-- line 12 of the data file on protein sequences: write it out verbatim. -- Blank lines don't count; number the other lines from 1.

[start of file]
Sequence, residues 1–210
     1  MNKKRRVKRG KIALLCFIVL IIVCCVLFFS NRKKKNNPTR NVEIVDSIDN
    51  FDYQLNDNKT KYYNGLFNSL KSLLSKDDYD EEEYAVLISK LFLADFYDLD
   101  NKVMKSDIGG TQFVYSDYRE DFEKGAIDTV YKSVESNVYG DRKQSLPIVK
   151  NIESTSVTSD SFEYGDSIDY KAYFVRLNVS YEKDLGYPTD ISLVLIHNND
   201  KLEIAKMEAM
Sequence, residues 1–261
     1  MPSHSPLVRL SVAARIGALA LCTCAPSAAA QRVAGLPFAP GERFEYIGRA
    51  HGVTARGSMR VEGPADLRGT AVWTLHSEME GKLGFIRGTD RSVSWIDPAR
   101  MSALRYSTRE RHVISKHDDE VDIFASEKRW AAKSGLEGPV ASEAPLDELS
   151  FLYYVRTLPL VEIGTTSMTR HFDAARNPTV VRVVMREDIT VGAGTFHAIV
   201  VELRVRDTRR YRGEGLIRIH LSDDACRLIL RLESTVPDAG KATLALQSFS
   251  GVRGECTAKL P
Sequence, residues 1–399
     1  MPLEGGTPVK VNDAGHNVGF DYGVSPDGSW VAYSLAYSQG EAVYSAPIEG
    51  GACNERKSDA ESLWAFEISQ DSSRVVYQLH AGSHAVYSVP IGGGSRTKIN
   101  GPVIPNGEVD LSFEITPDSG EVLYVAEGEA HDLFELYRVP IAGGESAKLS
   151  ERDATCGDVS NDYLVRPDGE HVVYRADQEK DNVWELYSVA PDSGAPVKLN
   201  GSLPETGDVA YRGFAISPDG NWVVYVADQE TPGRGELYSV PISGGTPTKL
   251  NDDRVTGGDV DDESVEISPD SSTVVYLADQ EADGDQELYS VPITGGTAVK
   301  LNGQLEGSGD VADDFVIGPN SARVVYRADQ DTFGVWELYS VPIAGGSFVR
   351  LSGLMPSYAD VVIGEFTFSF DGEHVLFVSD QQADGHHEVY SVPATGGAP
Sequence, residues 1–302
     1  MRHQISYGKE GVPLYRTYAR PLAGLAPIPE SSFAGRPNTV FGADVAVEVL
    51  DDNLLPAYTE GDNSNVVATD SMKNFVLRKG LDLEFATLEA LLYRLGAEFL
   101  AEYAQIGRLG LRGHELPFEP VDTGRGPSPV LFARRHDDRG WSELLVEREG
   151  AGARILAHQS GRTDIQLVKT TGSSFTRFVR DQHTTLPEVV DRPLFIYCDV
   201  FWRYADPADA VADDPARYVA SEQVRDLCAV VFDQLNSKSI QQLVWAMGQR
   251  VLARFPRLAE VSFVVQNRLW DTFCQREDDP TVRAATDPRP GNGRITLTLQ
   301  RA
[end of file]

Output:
   201  VELRVRDTRR YRGEGLIRIH LSDDACRLIL RLESTVPDAG KATLALQSFS